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### Course: AP®︎ Calculus AB (2017 edition) > Unit 3

Lesson 4: Derivatives of negative and fractional powers with power rule- Differentiating integer powers (mixed positive and negative)
- Power rule (negative & fractional powers)
- Fractional powers differentiation
- Power rule (with rewriting the expression)
- Radical functions differentiation intro
- Differentiate integer powers (mixed positive and negative)
- Worked example: Tangent to the graph of 1/x
- Power rule review

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# Fractional powers differentiation

Sal differentiates h(x)=5x^¼+7, and evaluates the derivative at x=16. This can actually be done quite easily using the Power rule!

## Want to join the conversation?

- Why do you cube 16^(1/4)?(8 votes)
- According to exponent rules,
**x^(ab) = (x^a)^b**. Therefore,**16^(3/4) = 16^(1/4*3) = (16^(1/4))^3**.(2 votes)

- At02:11how does Sal know that 16^(1/4) is two. I thought it's 4 in the very first moment ( i know 4 is wrong^^). Should one really be able to do such things with the brain or should one use a trick for calculating it..(3 votes)
- It's quite simple to be honest. Since its one over some 2^n in which n ∈ natural numbers. This means that we're dealing with square roots. If we rearrange it to 16^(1/(2^2)) (which looks complex but if you write it down its not) then we can see that we're just taking the square root two times. So square root of 16 is 4 then square root of 4 is 2(5 votes)

- How do you read the fractional powers?(0 votes)
- So, using the function shown above as an example, we can say that h(x) = 5(x^(1/4)) + 7 is "h of x is equal to five times x (raised) to the one-fourth (power) plus seven"...

Both raised and power are optional... Generally, we don't use them but sometimes, when the expression in question is too complex, using the above terms makes it more readable and easier to read...

There are many other ways of reading the fractional powers but I guess, the one I mentioned is most commonly used...(0 votes)

## Video transcript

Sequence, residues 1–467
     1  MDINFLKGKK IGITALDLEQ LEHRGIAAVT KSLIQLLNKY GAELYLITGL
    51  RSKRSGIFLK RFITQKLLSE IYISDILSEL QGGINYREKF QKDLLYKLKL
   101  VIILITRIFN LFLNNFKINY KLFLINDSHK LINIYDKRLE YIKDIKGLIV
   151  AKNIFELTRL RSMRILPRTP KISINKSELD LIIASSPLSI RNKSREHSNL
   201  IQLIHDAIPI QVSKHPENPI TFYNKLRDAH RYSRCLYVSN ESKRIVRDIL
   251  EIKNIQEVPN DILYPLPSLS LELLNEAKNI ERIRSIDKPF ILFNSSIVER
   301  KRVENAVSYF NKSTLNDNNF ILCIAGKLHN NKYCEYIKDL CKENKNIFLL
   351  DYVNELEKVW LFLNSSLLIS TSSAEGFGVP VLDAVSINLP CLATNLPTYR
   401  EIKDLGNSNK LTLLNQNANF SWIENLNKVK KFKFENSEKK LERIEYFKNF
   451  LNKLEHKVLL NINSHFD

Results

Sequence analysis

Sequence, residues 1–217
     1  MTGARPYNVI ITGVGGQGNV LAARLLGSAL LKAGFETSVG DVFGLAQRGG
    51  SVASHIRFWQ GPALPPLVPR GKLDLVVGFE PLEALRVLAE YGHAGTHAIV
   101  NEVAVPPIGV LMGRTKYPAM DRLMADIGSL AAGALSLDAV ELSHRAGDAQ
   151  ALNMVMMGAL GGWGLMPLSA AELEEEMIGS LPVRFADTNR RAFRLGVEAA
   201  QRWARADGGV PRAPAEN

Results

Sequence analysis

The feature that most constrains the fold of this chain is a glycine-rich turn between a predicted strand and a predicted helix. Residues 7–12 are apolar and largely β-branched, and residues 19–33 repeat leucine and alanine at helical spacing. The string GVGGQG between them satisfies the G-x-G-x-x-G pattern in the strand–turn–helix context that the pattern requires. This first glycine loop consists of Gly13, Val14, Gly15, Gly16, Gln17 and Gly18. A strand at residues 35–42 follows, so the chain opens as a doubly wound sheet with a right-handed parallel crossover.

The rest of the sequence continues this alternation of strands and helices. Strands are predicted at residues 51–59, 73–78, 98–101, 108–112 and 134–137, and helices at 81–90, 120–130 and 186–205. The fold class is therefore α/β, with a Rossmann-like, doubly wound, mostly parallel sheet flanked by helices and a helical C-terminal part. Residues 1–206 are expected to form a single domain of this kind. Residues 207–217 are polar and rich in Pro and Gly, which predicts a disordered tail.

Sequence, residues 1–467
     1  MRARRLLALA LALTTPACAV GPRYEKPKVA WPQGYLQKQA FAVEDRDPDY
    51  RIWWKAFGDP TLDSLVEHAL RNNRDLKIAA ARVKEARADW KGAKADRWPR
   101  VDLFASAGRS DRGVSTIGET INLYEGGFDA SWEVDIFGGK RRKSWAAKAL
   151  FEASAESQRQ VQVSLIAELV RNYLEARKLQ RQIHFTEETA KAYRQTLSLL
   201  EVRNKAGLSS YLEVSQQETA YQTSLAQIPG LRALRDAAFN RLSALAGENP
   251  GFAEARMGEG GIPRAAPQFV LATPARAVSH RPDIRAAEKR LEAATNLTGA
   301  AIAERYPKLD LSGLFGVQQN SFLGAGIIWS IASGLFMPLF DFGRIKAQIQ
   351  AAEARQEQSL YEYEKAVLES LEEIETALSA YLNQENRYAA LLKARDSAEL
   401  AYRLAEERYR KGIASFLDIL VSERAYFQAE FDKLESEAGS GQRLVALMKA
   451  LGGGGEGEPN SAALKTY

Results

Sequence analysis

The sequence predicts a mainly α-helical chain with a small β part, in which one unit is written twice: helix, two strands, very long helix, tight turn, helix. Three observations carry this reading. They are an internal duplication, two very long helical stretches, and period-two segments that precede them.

- [Voiceover] So we have h of x is equal to five x to the
1/4th power plus seven. And we wanna find what is h prime of 16, or what is the derivative of this function when x is equal to 16? And like always, pause this video and see if you can figure
it out on your own. All right, well let's just take the derivative of both sides of this. So on the left hand side,
I'm gonna have h prime of x, and on the right hand side, well the derivative of
the right hand side, I can just take the derivative
of five x to the 1/4th and add that to the derivative, with respect to x of seven. So the derivative of five
x to the 1/4th power, well, I can just apply
the power rule here. You might say, wait, wait wait, there's a fractional exponent, and I would just say, that's okay. The power rule is very powerful. So we can multiply the
1/4th times the coefficient. So you have five times 1/4th x to the 1/4th minus one power. That's the derivative of
five x to the 1/4th power. And then we have plus seven. Now what's the derivative of seven, with respect to x? Well seven doesn't
change with respect to x. The derivative of a constant, we've seen this multiple
times, is just zero. So it's just plus zero. And now we just have to simplify this. So this is gonna be h prime of x is equal to 5/4ths x to the, what's 1/4th minus one? Well that's negative 3/4ths. That's 1/4th minus 4/4ths,
or negative 3/4ths. So 5/4ths x to the
negative 3/4ths plus zero, so we don't have to write that. And now let's see if we can evaluate this when x is equal to 16. So, h prime of 16 is 5/4ths times 16 to the negative 3/4ths. Well that's the same thing as 5/4ths times one over 16 to the 3/4ths, which is the same thing
as 5/4ths times one over, let's see, I could view this as 16 to the 1/4th, and then cubing that. And so, what is this? 16 to the 1/4th is two, and then you cube two. Two to the third power is
eight, so that's eight. So you have 5/4ths times 1/8th, which is going to be equal to five times one is five, and then four times eight is... four times eight is 32. And we are done.